Up to or equal to $90,563 300% on the first $500
200% on the next $1,000
$3,500
Greater than $90,563 100% on the first $1,000 $1,000

If you were to start a plan now, there would be unused grants that are available for a 10 year period. However, it would be the best choice to maximize your contributions for the current year plus two previous years to maximize the grants. Only $10,500 of the grant is payable per year. If you contributed $4,500, you would receive the maximum grant for the current year and the previous two years. Contributing the maximum per year would allow you to catch up on previous unused grants, thus growing your account immensely.

Canada Disability Savings Bond (CDSBs) are also available for lower income families. The beneficiary may receive up to $1,000 from the government, depending on family income. These are subject to a lifetime limit of $20,000, until the end of the year that the beneficiary turns 49. Unused bonds may be carried forward for a period of 10 years.

When withdrawals occur from the RDSP, the money will be taxed in the hands of the beneficiary. There are Lifetime Disability Assistance Payments (LDAPs) and Disability Assistance Payments (DAPs).


Corporate Insured Annuities

Your Concern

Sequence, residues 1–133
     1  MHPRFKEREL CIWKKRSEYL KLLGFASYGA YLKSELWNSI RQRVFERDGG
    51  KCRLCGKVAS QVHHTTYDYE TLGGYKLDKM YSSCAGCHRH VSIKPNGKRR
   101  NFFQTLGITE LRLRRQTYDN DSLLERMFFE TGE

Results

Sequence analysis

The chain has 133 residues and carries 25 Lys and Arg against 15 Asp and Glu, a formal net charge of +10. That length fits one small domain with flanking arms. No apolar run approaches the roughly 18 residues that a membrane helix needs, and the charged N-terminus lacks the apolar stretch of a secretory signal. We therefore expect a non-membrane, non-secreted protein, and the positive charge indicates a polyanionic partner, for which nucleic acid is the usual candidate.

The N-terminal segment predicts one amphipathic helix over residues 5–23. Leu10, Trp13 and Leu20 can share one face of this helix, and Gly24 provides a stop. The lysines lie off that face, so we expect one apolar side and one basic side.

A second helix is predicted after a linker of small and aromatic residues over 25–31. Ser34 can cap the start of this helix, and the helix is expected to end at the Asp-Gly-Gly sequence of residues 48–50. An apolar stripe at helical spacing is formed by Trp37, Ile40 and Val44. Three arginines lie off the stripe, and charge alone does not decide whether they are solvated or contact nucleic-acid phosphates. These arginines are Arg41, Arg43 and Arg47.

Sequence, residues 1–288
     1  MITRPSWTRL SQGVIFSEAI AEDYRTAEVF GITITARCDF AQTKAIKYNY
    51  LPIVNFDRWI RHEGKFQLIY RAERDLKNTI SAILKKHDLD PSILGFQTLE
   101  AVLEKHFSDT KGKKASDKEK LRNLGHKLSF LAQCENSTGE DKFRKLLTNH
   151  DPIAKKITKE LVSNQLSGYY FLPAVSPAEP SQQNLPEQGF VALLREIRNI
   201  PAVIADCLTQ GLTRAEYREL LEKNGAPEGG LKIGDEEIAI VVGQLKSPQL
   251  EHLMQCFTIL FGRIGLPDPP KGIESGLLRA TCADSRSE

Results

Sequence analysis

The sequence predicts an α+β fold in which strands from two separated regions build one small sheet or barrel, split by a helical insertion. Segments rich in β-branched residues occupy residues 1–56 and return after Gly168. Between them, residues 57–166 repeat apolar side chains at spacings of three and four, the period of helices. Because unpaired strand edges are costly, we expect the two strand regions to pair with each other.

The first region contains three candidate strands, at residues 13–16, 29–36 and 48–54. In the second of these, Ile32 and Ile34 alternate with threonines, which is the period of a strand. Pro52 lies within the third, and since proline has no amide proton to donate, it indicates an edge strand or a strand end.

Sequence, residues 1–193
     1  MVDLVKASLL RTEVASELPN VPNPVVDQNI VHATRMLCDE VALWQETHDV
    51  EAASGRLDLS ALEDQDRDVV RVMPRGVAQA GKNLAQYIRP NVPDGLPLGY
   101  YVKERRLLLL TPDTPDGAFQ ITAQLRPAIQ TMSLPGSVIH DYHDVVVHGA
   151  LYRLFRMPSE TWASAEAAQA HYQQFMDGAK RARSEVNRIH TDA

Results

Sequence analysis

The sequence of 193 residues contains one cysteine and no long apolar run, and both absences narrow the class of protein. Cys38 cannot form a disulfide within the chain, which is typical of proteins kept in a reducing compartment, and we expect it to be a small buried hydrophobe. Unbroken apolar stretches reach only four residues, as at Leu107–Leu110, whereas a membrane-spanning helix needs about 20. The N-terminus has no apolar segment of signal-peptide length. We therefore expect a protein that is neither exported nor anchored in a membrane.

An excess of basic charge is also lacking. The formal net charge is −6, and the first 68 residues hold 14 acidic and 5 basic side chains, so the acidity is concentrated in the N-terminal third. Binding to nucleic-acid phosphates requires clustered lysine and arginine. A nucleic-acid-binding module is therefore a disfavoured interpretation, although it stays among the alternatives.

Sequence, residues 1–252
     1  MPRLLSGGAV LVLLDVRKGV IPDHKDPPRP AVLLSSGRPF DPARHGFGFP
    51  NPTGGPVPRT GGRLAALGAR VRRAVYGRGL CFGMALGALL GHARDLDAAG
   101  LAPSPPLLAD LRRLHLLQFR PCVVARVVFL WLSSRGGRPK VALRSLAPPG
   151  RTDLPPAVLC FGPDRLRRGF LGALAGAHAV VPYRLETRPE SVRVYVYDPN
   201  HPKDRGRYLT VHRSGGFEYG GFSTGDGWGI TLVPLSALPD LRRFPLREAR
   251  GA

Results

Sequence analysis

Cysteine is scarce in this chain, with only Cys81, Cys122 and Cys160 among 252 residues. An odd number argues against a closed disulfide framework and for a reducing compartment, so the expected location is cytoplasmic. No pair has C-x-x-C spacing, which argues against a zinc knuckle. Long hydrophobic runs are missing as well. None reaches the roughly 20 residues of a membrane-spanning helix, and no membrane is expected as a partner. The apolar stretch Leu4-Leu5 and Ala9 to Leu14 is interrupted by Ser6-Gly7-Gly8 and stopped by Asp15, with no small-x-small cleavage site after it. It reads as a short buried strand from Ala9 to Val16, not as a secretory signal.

Your company, wholly owned by you, has $1,000,000 in securities. Since the paid-up capital is nominal, any distribution of its retained earnings will be treated as a taxable dividend.

How to Solve the Problem

You sell the securities and acquire a single premium immediate life annuity with no guarantee on a non-prescribed basis. As you are in your late sixties, a large proportion of the income is a return of capital.

You now use a portion of the proceeds to pay the premiums on a $1 million policy on your life. At your death, the annuity payments cease and the company receives $1,000,000 from the life policy.

If your shares have been left to your wife or in a spousal trust, the shares roll over with no tax liability. Or, if the company is wound up, either party will receive a tax-free dividend out of the Capital Dividend Account.


†Mutual funds and related financial planning services are offered through Credential Asset Management Inc.

PlanWright Financial is a wholly-owned subsidiary of Encompass Credit Union.